If a physician has difficulty interpreting the symptoms of the patient's illness, there is greater uncertainty. The higher the uncertainty, the more weight is placed on the prior and less weight on the signal or symptom[5]. Consequently, information gained influences medical decisions and thus recommended treatment.

Nature of Stereotypes (Beliefs) and Healthcare Provider Biases/Prejudice

Empirical evidence suggests that physicians hold stereotypes based on patient characteristics (e.g. race), which may influence their interpretation of patient behaviours and symptoms, and consequently their clinical decisions.[8] Multiple studies in psychology have explored how stereotypes evolve, persist and affect interpersonal interactions between the physicians and patients.

According to psychologists, stereotyping refers to "the process by which people use social categories (e.g. race, gender) in acquiring, processing, and recalling information about others"[5].Generally, in healthcare, the beliefs (stereotypes) and attitudes that physicians hold aid them in processing information and simplifying complex health-relevant situations to facilitate accurate judgement.[9] However, although stereotypes are functional, stereotypes and attitudes tend to be systematically biased. These biases may exist in overt, explicit forms but due to social categorization, subtle and unintentional biases may also exist, often unconsciously, among people with egalitarian attitudes and who genuinely believe that they are not prejudiced.[10]

Empirical evidence shows that in the US, because of shared socialization influences, even well-meaning White people who are not overtly biased typically display unconscious, implicit negative racial attitudes.[1] In the Moskowitz et al. (2012) study, results showed that when primed with an African American face, doctors reacted more quickly for stereotypical diseases, indicating an implicit association of certain diseases with African Americans. These included diseases that African Americans are generally predisposed to such as hypertension and sickle cell anaemia as well as conditions and social behaviours with no biological association including obesity and drug use.[9] Similarly, there are situations when physicians "may be especially vulnerable to the use of stereotypes in forming impressions of patients since time pressure, brief encounters, and the need to manage very complex tasks are common characteristics of their work."[7]These conditions of time pressure and resource constraints are likely to produce negative results due to lack of information, to stereotypes and, to biases.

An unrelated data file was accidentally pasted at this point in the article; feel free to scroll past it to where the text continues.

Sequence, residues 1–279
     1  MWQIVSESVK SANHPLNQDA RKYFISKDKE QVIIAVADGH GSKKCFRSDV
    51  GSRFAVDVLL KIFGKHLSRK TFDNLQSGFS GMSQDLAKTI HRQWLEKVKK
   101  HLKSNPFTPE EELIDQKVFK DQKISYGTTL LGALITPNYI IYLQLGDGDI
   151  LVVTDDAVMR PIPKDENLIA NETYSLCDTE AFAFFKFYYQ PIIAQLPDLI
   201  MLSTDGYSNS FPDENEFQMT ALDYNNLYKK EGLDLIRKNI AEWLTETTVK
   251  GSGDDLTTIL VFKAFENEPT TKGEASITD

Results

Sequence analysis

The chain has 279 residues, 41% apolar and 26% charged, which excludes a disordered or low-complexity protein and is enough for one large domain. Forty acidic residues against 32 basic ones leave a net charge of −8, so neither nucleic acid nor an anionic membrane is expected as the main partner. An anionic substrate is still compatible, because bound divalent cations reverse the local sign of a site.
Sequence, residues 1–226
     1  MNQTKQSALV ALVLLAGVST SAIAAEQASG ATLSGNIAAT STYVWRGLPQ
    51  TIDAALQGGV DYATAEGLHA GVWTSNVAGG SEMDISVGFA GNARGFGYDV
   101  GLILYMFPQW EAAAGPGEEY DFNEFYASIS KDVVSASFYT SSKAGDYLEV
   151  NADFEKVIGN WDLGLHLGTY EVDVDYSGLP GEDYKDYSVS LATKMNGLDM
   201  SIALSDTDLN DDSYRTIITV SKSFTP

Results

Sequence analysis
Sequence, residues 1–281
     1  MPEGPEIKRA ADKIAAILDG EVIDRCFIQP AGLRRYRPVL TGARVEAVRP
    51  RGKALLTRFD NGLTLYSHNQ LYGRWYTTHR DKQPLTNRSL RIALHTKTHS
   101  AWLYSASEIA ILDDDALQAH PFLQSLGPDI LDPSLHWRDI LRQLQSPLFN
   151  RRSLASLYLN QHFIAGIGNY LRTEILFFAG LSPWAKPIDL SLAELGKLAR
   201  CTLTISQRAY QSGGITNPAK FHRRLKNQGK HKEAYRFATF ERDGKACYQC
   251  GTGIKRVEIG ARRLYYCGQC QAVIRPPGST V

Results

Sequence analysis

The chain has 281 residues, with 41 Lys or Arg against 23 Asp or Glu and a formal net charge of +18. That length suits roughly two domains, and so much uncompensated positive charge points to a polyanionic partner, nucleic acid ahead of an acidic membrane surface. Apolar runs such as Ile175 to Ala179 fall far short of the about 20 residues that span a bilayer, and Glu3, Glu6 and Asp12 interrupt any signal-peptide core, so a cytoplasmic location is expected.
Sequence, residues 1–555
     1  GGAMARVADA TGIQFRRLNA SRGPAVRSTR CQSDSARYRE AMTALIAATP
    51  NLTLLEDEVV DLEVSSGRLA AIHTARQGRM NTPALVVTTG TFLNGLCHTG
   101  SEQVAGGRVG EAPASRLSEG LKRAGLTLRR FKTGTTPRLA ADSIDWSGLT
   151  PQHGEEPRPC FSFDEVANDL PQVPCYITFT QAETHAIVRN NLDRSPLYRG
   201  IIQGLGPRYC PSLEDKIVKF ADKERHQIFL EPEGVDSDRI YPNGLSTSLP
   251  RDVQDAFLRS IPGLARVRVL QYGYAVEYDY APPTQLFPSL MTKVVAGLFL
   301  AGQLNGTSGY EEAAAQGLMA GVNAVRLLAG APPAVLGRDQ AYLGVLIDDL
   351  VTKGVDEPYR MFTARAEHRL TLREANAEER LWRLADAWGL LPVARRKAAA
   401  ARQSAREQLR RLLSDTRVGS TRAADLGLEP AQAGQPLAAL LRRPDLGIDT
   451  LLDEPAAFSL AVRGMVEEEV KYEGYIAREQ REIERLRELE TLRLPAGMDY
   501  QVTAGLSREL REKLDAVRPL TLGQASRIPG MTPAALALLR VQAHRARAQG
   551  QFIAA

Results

A study conducted by van Ryn and Burje (2000) based on clinical encounters, found that physicians believe blacks are more likely to abuse drugs or alcohol, less likely to comply with medical advice/treatment, and less likely to participate in rehabilitation therapy.[7] Holding such beliefs can result in doctors to be less likely to recommend treatments to blacks, or less likely to put effort into discerning the nature of the black patient's problems if the patients is not taking care of herself/himself.


  1. 1.0 1.1 1.2 1.3 Smedley BD, Stith AY, Nelson AR, Institute of Medicine. 2003. Unequal Treatment: Confronting Racial and Ethnic Disparities in Health Care. Washington, DC: The National Academies Press. doi: 10.17226/10260.
  2. Hall, William J (2015). "Implicit Racial/Ethnic Bias Among Health Care Professionals and Its Influence on Health Care Outcomes: A Systematic Review". American journal of public health. 105,12: 60–76.
  3. "National Healthcare Disparities Report". Agency for Healthcare Research and Quality. August 3, 2011.
  4. Shavers, Vickie L (2012). "The state of research on racial/ethnic discrimination in the receipt of health care". American journal of public health. 102 (5): 953–66. doi:10.2105/AJPH.2012.300773 – via Alphapublications.
  5. 5.0 5.1 5.2 5.3 5.4 5.5 Balsa, A; Mcguire, TG (2001a). "Prejudice, Uncerrtainty and Stereotypes as Sources of Health Care Disparities" (PDF). Journal of Health Economics. 22: 89–116 – via Boston University.
  6. Ayotte, Brian J; Kressin, Nancy R (2010). "Race differences in cardiac catheterization: the role of social contextual variables". Journal of general internal medicine. 25 (8): 814–8. doi:10.1007/s11606-010-1324-y.
  7. 7.0 7.1 7.2 Van Ryn, Michelle (2002). "Research on the Provider Contribution to Race/Ethnicity Disparities in Medical Care". Medical Care. 40 (1): I140–I151 – via JSTOR.
  8. Finucane, Thomas E; Carrese, Joseph A (1990). "Racial Bias in Presentation of Cases". Journal of General Internal Medicine. 5 (2): 120–121. doi:10.1007/bf02600511.
  9. 9.0 9.1 Moskowitz, Gordon B (2012). "Implicit Stereotyping and Medical Decisions: Unconscious Stereotype Activation in Practitioners' Thoughts About African Americans". American Journal of Public Health. 102 (5): 996–1001. doi:10.2105/ajph.2011.300591.
  10. Dovidio, John F (2001). "On the Nature of Contemporary Prejudice: The Third Wave". Journal of Social Issues. 57 (4): 829–849. doi:10.1111/0022-4537.00244.